★ ★ ★ ★



The issue’s not surviving loss, but love.
It’s everywhere. Love takes so many forms—
from spark, slow burn, to raze—though few, in fact,
romance or conjure blaze. For love, it seems,
is mostly about today: our daily bread.
Thus I wash my face, the sheets, and make
the bed, for love is starch, a still warm iron—
and yet I’m frequently amazed to find
that love is also Grampa’s chipped white mug,
which leaves that old familiar coffee stain.
And love’s a back-shelf box of weathered things
that makes us laugh and sneeze and want to sing
that’s love: your first car key, the car long gone,
that dangles from a brand-new keychain; Grandma’s
shears and needled spool of thread whenever
there’s a hem or tear; the bright pink plastic
Rosary beads that, doubly blessed, I’ve kept
since my First Penance-Holy Communion year;
three slick matchbooks from The Harbor saved
those fancy New Year’s Eves that Mom wore gowns,
we girls long dresses, and petit fours were served
to bubbly guests on three-tiered silver stands;
more two-hole buttons than first cousins and
their kids; no Mason jars for all Dad’s garden
plum tomatoes grown, just metal screw bands
and sealing lids—say, could it be that love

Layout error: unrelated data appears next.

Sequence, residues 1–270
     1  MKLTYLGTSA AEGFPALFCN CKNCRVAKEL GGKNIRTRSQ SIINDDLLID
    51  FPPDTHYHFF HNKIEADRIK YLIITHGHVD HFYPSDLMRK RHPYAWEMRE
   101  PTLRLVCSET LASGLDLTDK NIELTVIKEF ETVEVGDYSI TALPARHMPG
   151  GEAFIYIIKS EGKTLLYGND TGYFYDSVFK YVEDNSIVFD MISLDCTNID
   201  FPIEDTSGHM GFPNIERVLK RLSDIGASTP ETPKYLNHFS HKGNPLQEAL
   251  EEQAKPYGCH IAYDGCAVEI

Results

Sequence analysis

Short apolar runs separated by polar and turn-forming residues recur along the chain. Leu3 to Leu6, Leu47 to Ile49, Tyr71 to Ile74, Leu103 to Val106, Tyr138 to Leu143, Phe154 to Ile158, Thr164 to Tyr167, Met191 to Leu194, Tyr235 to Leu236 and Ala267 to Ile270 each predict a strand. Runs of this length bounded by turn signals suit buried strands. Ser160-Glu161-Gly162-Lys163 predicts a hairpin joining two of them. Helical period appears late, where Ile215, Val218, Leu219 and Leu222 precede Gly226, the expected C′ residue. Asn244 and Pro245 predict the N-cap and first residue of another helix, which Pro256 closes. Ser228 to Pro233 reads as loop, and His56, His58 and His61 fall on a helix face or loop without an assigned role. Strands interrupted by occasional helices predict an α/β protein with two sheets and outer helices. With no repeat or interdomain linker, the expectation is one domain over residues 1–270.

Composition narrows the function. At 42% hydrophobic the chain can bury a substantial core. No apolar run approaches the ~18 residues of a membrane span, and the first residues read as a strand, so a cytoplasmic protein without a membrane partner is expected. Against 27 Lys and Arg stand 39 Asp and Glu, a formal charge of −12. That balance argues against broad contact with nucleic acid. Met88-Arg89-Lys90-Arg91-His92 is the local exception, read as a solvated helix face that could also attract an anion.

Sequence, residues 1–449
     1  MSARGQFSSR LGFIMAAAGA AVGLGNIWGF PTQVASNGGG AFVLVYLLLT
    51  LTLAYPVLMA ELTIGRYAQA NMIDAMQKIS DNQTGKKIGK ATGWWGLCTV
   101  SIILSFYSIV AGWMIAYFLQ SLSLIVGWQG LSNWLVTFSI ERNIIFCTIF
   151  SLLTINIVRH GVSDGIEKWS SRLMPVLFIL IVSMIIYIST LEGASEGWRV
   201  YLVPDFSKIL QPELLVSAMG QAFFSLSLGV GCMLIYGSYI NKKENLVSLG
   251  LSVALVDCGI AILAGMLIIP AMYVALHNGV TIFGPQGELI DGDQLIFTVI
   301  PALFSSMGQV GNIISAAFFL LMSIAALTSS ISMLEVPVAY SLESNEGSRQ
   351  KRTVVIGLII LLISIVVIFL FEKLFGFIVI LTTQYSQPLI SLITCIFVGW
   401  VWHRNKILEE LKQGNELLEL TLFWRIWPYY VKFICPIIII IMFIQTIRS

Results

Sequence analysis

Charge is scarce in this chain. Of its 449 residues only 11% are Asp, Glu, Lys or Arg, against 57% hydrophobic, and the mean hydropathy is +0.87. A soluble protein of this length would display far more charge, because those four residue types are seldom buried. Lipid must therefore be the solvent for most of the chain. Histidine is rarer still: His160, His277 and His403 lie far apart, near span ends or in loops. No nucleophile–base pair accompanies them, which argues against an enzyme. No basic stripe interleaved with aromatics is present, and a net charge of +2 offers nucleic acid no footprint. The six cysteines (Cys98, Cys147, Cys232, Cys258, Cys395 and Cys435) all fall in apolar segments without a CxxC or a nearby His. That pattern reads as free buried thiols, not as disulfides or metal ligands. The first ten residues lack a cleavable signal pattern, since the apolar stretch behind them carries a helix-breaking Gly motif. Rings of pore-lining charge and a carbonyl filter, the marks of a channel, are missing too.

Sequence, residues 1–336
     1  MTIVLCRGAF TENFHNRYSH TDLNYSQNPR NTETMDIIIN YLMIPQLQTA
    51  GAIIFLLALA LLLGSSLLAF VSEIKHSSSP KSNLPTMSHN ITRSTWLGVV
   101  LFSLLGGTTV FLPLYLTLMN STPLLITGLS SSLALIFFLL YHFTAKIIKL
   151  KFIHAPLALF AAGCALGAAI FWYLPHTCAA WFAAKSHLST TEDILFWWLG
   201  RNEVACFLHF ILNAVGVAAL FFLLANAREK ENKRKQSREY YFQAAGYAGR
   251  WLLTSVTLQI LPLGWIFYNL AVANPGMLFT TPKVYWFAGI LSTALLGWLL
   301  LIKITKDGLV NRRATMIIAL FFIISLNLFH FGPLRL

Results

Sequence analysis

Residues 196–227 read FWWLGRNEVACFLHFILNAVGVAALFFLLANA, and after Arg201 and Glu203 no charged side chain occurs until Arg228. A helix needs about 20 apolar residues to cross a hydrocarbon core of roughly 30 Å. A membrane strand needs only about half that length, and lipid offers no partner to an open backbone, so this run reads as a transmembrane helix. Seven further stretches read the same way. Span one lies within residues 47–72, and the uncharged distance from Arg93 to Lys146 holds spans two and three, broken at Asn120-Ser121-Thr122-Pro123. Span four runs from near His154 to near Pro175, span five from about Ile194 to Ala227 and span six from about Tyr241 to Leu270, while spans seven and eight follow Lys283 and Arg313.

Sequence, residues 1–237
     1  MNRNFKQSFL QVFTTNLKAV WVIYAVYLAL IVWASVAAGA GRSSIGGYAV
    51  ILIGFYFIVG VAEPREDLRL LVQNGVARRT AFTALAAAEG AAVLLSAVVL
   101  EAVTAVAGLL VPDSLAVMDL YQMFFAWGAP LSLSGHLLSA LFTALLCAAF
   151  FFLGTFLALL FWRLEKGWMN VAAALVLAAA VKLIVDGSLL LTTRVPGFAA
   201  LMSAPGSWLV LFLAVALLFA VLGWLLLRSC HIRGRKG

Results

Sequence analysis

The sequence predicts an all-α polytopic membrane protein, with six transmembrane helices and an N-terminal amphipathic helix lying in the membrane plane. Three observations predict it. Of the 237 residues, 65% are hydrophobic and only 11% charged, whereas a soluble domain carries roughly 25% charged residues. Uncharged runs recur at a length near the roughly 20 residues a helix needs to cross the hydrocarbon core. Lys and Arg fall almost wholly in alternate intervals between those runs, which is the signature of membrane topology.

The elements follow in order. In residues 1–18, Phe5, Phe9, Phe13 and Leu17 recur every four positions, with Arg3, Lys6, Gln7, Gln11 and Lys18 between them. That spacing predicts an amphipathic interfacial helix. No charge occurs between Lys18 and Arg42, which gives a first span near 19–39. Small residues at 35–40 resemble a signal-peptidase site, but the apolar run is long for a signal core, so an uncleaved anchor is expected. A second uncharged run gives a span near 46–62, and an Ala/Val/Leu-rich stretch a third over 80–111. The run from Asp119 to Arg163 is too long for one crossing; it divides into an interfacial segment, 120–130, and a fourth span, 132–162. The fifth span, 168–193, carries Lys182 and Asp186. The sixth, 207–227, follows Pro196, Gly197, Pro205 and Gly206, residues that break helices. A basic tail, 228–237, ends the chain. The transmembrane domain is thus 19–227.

is just a thumb tack worn deck ticket stub
junk drawer memory? O worthless precious love!
I bag you up to toss. I find you at
my plodding feet, each lucky battered penny.

Felicia Sanzari Chernesky is a longtime editor, slowly publishing poet, and author of six picture books, including From Apple Trees to Cider, Please! and The Boy Who Said Nonsense (Albert Whitman & Company). In 2018 she moved away from the masthead of an academic quarterly to work with people who want to share their stories, ideas, and poems in print. Her poem “Mother Tongue” received a 2020 Allen Ginsberg Poetry Awards honorable mention. Her fiction has been nominated for a 2021 Pushcart Prize and Best Microfiction Award. She lives with her family in Flemington, New Jersey. Find her online at www.feliciachernesky.com


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